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Stories of Creation as told by Philippine Groups
by The FHL Research Team
Date: 1/18/2005

There are countless versions of how different groups tell the story of creation. It is no surprise that the narratives of how the earth and its people came to be are as numerous as the number of groups that choose to tell them. Following are a few of these stories as told by some Philippine groups:

The Story of Creation (Tinguian)
The Story of Creation (Ifugao)
Legend About the Creation of the World as Told by the Mangians and the Negritos
The Creation of the World (Bikol)

The Story of Creation (Tinguian)

The Tinguianes believe that in the beginning were only the sea and the sky; and that one day a kite, having no place to alight, determined to set the sea against the sky.

Accordingly, the sea declared war against the sky, and threw her waters upward. The sky, seeing this, made a treaty of peace with the sea. Afterward, to avenge himself upon her for having dared to assert herself, they say that he showered upon the sea all the islands of this archipelago, in order to subdue her; and that the sea ran to and fro without being able to rise again. They say that from this event arose the custom of the mavaris – that is, taking vengeance for an insult received, a very common practice in this land; and they consider it a point of honor to take revenge. Then they relate also the story of the reed and how the aforesaid man and woman came out. They add that the first time when Cavahi gave birth to children, she brought forth a great number at once. One day the father went home, very angry and threatened the children. The latter were frightened and fled; some into the most hidden rooms of the house; some hid in other places nearer the open air; some hid themselves in the dindines, or walls of the houses, which are constructed of reeds; some hid in other places nearer the open air, some in the fireplace; and some fled to the sea through the same door by which the father had entered. It is said that those who fled to the most hidden rooms are the chiefs of these islands; those who remained nearer the outside are the timaguas; those who hid themselves within the walls are the slaves; those who hid themselves in the fireplace are the blacks; and those who fled out to the sea through the open door, are the Spaniards, and that they had no news of us (Spaniards) until they beheld us return through the sea.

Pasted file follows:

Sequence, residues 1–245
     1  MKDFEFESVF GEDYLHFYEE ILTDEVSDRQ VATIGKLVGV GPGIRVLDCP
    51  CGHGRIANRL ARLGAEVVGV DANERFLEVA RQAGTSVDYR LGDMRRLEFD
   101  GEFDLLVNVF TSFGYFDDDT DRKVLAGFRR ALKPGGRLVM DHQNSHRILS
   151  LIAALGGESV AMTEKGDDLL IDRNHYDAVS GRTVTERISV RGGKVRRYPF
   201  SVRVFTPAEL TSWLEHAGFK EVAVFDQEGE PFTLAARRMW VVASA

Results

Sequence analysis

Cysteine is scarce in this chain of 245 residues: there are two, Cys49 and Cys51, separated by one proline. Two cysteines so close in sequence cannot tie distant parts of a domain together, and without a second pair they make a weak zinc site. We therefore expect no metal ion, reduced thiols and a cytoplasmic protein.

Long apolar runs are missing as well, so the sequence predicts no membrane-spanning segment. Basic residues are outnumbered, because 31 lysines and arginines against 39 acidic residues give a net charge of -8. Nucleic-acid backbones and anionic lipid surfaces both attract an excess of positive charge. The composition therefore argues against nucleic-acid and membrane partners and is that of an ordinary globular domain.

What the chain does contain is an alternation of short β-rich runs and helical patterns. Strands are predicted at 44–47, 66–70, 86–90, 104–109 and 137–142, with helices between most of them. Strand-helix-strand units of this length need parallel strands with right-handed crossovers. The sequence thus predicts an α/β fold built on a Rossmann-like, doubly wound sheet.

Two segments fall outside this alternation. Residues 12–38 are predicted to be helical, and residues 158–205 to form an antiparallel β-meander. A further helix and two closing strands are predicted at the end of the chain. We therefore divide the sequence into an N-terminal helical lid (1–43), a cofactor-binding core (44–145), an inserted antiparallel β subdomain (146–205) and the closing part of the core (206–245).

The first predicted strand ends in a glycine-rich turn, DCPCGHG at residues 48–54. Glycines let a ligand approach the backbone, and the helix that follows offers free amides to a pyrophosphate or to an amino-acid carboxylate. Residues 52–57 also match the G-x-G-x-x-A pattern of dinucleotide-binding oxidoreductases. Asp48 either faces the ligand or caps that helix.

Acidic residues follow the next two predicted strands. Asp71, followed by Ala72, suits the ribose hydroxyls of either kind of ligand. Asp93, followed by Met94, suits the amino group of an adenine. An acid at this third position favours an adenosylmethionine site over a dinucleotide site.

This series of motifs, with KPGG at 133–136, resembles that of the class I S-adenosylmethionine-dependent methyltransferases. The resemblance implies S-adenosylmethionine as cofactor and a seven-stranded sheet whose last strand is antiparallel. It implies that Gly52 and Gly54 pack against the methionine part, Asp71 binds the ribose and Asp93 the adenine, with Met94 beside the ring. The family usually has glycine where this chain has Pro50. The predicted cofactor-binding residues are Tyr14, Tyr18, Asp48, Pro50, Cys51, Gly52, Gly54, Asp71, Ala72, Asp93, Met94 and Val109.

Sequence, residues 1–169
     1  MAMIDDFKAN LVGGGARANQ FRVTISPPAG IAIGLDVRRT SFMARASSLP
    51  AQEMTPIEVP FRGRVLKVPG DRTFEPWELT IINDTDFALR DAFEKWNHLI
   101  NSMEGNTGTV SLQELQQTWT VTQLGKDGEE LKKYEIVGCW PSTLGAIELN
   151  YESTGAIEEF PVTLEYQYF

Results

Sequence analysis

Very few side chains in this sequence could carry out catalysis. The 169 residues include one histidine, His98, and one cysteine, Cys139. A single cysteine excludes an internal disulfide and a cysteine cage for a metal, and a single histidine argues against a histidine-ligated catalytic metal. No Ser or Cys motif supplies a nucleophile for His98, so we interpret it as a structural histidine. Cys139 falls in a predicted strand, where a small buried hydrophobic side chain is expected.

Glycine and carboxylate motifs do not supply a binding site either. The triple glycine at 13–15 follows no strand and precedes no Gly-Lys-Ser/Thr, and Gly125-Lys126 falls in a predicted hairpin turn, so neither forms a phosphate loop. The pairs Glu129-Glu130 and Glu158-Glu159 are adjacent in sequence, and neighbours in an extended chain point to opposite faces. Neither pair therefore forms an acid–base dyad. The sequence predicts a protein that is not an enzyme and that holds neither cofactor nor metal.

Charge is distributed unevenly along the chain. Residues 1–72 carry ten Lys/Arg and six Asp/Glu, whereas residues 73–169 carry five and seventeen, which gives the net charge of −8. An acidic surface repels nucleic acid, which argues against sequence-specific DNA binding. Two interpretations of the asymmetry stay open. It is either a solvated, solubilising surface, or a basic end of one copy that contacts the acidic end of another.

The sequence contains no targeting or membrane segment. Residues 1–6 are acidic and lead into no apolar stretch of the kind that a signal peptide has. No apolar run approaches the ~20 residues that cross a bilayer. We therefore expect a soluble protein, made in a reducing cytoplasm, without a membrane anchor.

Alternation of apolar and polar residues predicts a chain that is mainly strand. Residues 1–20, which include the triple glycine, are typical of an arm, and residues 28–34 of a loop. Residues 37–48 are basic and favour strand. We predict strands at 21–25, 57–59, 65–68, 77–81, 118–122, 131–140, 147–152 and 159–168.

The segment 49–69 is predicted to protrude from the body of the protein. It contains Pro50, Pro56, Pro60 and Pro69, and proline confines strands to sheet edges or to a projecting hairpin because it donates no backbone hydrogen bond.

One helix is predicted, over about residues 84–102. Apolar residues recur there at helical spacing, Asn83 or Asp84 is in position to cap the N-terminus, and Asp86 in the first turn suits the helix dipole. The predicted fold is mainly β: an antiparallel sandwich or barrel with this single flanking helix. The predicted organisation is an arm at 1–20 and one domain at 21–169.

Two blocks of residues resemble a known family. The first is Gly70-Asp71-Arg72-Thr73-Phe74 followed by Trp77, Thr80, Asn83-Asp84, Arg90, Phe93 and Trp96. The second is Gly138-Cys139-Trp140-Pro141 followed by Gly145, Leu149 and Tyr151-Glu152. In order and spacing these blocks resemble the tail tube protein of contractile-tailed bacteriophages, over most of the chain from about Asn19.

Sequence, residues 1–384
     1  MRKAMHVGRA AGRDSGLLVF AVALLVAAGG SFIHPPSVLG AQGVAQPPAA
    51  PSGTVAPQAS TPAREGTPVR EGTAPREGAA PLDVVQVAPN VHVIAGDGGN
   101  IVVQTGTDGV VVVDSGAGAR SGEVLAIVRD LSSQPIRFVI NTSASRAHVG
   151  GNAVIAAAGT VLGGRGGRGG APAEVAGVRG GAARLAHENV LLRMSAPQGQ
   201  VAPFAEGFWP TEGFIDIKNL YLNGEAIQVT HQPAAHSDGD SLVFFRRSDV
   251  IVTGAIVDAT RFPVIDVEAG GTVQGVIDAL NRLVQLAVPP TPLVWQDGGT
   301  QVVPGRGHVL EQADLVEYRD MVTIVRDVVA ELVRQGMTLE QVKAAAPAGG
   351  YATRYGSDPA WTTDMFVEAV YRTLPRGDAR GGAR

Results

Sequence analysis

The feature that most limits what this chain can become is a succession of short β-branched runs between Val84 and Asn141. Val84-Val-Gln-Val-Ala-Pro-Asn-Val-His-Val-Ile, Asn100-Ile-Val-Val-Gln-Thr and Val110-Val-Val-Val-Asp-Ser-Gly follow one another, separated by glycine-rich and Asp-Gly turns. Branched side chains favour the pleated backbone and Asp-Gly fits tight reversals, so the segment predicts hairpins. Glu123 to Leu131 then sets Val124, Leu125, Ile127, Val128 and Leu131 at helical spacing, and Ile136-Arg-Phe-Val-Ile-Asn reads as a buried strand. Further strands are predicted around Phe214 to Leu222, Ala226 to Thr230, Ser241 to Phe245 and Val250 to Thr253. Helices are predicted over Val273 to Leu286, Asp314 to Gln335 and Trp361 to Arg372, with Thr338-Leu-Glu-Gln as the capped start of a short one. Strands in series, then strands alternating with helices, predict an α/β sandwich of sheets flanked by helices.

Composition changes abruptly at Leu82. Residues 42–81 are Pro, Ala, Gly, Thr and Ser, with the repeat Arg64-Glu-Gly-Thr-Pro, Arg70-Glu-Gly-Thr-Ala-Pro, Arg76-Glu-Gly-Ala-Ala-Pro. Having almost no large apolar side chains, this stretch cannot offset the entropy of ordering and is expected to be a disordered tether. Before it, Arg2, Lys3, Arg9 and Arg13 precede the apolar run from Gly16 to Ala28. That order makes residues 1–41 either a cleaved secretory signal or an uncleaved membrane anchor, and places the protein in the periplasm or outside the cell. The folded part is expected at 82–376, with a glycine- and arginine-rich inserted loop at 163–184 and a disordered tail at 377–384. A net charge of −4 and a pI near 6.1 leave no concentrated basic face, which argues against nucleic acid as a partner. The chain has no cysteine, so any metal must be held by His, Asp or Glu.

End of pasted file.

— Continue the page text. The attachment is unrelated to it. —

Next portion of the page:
Miguel de Loarca, Relacion de las Islas Filipinas in B & R, V, 125-127. Title supplied.

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The Story of Creation (Ifugao)

To the Ifuao’s, Mak-no-ngan was the greatest of all the gods. It was he, they believed, who created the earth and the place of the dead.

The place of the dead was divided into many sections. The most important of these sections were Lagud and Daya. Lagud was set aside for those who died of sickness. They were the most favored my Mak-no-ngan. Daya was set aside for those who died of violence. They remained restless and unhappy, until their deaths were avenged by their relatives.

After Mak-no-ngan created the earth, he made Uvigan in his image. Uvigan, then, was the first man. Mak-no-ngan gave him the entire earth to enjoy. But he remained unhappy just the same, because he was lonely.

Seeing this, Mak-no-ngan made Bugan, the first woman. Then he told Uvigan, “Take this woman and be happy with her.” And for many years the couple lived in innocence, happiness, and peace.

Now, on the earth, there grew a tree which was different from any other. From the very beginning, Mak-no-ngan had warned the couple against it. “Don’t eat its fruit,” he told them, “because it is evil. It will only make you unhappy.”